A mound is the generic word for a type of earthwork found throughout the world. Whether they are called by a different name, such as barrow, tumulus, platform mound, rammed earthwork, even some earthen pyramids, mounds are works primarily built of soil, perhaps augmented by a stone or wood foundation. Some are small and barely noticeable rises on the landscape, particularly after the affects of hundreds or thousands of years of erosion. Others can clearly be classed as monumental architecture, requiring the collaborative work of many individuals working for many weeks, months or years. These structures may or may not contain human burials.
The term is most frequently used to describe the Mississippian mounds of the central and eastern North American continent, but the tradition of raising earthworks may be found in one form or another in prehistoric cultures around the world.
Building a Mound
Recent geophysical survey work on Mississippian mounds in the United States has revealed much detail about mound construction methodologies. What has been considered a fairly straightforward process (and often pictured in dioramas) of conscripted people carrying basket loads of soil to build up a mound of earth is turning out to be architecturally and ritually a far more complex process.
First, a location is prepared. Depending on where a mound would be placed, terraforming activities to create the initial footprint might include leveling the region by cutting and filling. Then, the construction material must be located and transported to the site. Materials are usually selected from nearby, but depending on physical requirements and local resources, some mounds are built with soils carried from as far away as 100 meters (~300 feet). Some mounds may be built from multiple sources: some (like Monk's Mound in Cahokia) were built of purposefully mixed soils, perhaps for a ritual or geotechnical purpose.
Mound Construction Types
Mound construction, as defined for the Mississippian examples studied by Sherwood and Kidder, falls into five types: sod blocks, soil blocks, loaded fill, zoned fill and veneers.
- Sod blocks: intact sections of surface soil or turfs cut down through several soil horizons (A, B and/or E horizons). This method has been identified in northern and western European Neolithic and Bronze Age burial mounds, and found at the Mississippian site of Shiloh and Monks Mound at Cahokia. Most often placed with the sod top down.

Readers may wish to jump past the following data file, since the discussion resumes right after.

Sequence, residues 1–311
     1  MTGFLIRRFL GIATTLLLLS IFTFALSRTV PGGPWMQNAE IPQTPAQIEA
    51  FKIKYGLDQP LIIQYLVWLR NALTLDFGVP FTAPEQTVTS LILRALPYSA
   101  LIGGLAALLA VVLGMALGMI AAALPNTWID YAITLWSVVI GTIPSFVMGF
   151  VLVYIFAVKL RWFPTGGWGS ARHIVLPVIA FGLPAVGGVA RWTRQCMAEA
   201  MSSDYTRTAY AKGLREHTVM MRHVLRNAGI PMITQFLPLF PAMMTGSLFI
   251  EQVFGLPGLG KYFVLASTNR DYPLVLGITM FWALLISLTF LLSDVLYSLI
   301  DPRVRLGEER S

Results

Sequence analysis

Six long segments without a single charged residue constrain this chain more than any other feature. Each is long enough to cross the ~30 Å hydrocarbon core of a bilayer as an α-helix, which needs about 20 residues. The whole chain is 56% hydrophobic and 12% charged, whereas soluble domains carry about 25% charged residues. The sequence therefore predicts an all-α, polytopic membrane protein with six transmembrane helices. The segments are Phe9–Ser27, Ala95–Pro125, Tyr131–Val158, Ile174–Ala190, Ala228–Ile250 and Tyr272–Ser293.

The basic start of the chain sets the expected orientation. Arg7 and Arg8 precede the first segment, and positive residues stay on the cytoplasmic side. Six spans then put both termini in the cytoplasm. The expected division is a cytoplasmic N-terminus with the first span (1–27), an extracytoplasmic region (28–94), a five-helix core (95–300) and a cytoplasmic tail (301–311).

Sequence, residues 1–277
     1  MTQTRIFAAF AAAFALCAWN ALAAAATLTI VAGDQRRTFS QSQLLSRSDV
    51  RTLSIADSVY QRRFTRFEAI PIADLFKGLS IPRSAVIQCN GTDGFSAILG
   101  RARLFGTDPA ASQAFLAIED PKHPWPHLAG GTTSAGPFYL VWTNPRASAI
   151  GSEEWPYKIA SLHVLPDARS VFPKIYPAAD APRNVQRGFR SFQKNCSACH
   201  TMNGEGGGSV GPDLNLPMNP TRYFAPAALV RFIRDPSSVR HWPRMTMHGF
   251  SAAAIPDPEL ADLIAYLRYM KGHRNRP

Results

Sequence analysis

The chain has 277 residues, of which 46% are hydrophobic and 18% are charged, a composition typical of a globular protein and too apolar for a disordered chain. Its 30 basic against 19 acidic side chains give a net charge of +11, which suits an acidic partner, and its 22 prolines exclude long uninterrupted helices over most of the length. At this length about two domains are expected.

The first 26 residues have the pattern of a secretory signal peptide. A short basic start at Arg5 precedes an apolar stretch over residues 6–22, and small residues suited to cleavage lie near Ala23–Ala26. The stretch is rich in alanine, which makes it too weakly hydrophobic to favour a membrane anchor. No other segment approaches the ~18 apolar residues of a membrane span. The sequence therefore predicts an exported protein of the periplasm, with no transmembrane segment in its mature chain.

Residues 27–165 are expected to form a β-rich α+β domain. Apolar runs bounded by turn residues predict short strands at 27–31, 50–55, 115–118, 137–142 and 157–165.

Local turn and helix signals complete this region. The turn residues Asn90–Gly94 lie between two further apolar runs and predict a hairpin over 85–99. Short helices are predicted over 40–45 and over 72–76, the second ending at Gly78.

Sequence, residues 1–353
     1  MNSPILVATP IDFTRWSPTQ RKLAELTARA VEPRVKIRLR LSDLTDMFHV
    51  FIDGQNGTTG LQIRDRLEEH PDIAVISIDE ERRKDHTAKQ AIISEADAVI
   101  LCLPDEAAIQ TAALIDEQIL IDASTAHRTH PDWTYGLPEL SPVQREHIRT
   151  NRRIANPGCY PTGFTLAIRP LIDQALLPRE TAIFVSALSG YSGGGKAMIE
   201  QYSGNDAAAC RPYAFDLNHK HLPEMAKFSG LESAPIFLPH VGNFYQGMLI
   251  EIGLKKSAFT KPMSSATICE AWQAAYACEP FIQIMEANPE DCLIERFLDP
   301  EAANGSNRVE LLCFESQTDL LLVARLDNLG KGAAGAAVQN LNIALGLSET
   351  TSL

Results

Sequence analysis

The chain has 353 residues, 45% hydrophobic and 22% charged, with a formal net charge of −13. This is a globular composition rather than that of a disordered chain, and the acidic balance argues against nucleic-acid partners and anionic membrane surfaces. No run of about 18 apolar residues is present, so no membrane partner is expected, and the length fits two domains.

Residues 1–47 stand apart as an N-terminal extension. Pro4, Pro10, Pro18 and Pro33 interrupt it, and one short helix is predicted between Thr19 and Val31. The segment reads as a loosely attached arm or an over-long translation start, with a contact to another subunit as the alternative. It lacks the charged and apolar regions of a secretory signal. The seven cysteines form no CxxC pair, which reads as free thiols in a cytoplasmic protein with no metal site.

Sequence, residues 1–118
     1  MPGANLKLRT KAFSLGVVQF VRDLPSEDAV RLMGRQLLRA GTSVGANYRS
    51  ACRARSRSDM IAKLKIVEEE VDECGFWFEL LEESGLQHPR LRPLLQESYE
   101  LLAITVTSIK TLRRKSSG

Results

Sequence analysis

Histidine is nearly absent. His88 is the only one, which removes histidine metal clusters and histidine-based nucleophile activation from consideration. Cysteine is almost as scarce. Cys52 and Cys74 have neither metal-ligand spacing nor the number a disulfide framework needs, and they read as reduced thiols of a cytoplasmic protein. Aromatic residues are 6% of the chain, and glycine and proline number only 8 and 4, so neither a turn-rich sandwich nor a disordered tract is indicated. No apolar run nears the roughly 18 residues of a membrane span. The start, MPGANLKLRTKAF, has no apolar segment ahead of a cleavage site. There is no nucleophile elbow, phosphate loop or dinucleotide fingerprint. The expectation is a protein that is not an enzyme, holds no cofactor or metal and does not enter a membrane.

- Soil blocks: intact sections of soil without the surfaces, consisting of clay-rich B-horizon or C-horizon soils. These were selected by the builders at Shiloh to create a solid internal core.
- Loaded fill: basket-loads of loose soil used to construct one fill event. Massive loaded fills have been identified at Cahokia mounds, consisting of alluvial soils brought in from the nearby floodplain. Loaded fills are often used to reconfigure a mound, to cover a previous construction or to raise the level of an existing mound.
- Zoned fill: purposefully placed light and dark layers, sometimes called "blanket mantle". Alternating types of fill may have had a structural purpose: for example, alternating a water-permeable soil layer with a non-permeable layer might help control erosion. There might also have been a ritual use: in some cases, such as Monks Mound at Cahokia, the layering is visually striking.
- Prepared veneer: thin layers of different source materials placed on the external slopes or stepped surfaces of a mound. Thickness ranges between 2-15 centimeters, depending on the scale of the mound. Veneers have been identified at Cahokia, Shiloh, and Lake George.
Sherwood and Kidder found that of the mounds they examined in detail (Poverty Point, Raffman, Cahokia and Shiloh), construction occurred rapidly, on the order of weeks or months of effort rather than years. The larger mounds (Monks Mound at Cahokia, and Shiloh's Mound A) appeared to have been built and rebuilt over generations.
Sources and Further Information
Sherwood SC, and Kidder TR. 2011. The DaVincis of dirt: Geoarchaeological perspectives on Native American mound building in the Mississippi River basin. Journal of Anthropological Archaeology 30(1):69-87.
Trubitt MBD. 2000. Mound Building and Prestige Goods Exchange: Changing Strategies in the Cahokia Chiefdom. American Antiquity 65(4):669-690.
Van Nest J, Charles DK, Buikstra JE, and Asch DL. 2001. Sod blocks in Illinois Hopewell mounds. American Antiquity 66(4):633-650.